Dental credentialing is a process in which a dentist enters a contract with an insurance provider in order to offer those dental insurance benefits to clients. The benefit to the dentist is access to a larger client base and increased business opportunities. However, it can be a rigorous process to get credentialed by an insurance company. So, why would a dentist choose to be credentialed? If you choose to be credentialed, what is the process for doing so? This article will discuss the ins and outs of dental credentialing to get you started in the right direction for your dental practice.
Benefits of Credentialing
In order to enter a contract, dentists must provide proof of a dental degree and license, malpractice insurance, and law compliance. It is important to read through a contract before signing it. The contract gives details about the insurance plan and will also list what a dentist can and cannot charge a patient for specific dental services.
Sometimes, an insurance company will state that some services are not billable. For example, if a patient’s temporary crown becomes loose and needs to be replaced, insurance may state in its terms that this is not a billable service. But for self-pay or out-of-network, a dentist might bill a charge to replace a temporary crown. These may seem like cons to credentialing. However, many patients rely on dental insurance to afford dental care. Often, patients will refuse dental care based on their out-of-pocket costs.
Dentists within the same dental practice can choose to either be “in-network” or “out-of-network” with the same insurance provider. Each dentist will be credentialed individually if they choose to be in-network. Take time to explore which insurance providers are common in your area, and which ones will most affect your client base before entering contracts.
How to Get Credentialed
Once you have decided to move forward and join with an insurance company, there are a few steps that you need to take. First, you will need to do a full application before reaching out to dental insurance companies. This can be made easier by using the credentialing tool on the American Dental Association’s website. It will give you a list of documents that you will need. These include your NPI number, dental license, proof of malpractice insurance, DEA certificate, specialized degrees or certificates and professional references.
Once your application is submitted, you can reach out to dental companies and make inquiries. Begin by going to the company’s website and looking for an option to join their network. After submitting an inquiry, the company will send you a contract. Make sure you receive a fee schedule, and thoroughly review it. Negotiate to your approval. Sign only when you are satisfied with the results.
Tips for a Smoother Application Process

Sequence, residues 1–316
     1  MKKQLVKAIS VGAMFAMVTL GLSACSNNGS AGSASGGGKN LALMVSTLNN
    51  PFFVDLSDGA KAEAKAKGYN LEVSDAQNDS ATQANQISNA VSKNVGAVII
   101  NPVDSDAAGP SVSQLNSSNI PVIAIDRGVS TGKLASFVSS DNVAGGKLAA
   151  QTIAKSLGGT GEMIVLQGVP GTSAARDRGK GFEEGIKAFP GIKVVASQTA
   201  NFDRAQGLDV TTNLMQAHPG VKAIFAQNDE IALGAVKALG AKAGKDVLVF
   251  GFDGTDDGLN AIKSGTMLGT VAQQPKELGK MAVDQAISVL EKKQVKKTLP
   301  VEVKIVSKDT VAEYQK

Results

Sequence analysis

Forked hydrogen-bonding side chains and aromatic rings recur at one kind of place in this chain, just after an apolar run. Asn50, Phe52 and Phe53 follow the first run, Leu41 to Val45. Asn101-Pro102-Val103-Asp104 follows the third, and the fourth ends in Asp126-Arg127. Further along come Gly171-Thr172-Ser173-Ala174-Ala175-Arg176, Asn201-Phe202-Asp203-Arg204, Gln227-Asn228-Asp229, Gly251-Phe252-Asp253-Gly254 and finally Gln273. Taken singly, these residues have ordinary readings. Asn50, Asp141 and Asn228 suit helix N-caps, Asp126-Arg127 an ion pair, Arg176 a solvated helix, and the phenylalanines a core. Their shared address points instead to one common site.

Now that you know the importance of credentialing and the basics of how to get started, let us discuss how to get the process done quickly and efficiently so that you can get to taking care of your patients.
First, make sure that you enter a response for each application question. Even if it does not apply to you, enter “N/A” rather than leaving it blank.
Next, make sure your malpractice insurance, all submitted forms, and signatures are updated. The credentialing process can take several months, and you do not want it to take longer due to a clerical error that was preventable.
Once you submit the application, confirm it was received. Routine follow-ups via email with insurance companies are important. Keep a log of who you contacted, when and what the details of the response. Routine follow-up will ensure you get the responses in the timeliest manner. It can be a painful process, but will be worth it for both your patients and your practice.
Beware of Medicaid
Depending on the size of your practice, there are some insurances you may want to look out for when it comes to choosing with whom you want to enter a contact. Medicaid insurances require a few more steps and a bit more effort to maintain and therefore may be recommended for larger practices. For one, it is two different application processes – one process with the state, and another with a managed care company. You will need a state Medicaid provider number. And typically, the credentialing process takes longer than other insurances. It may take more time in consistent follow-up emails and phone calls.
Getting credentialed for your dental practice is time-consuming and leaves less time to focus on your patients. There is another option. Consider outsourcing and hiring a third-party company to take over this process for you. Companies like Strategic Practice Solutions can provide company training for office managers to help dentists keep up with credentialing or manage it all for you. Contact them today for your dental practice needs.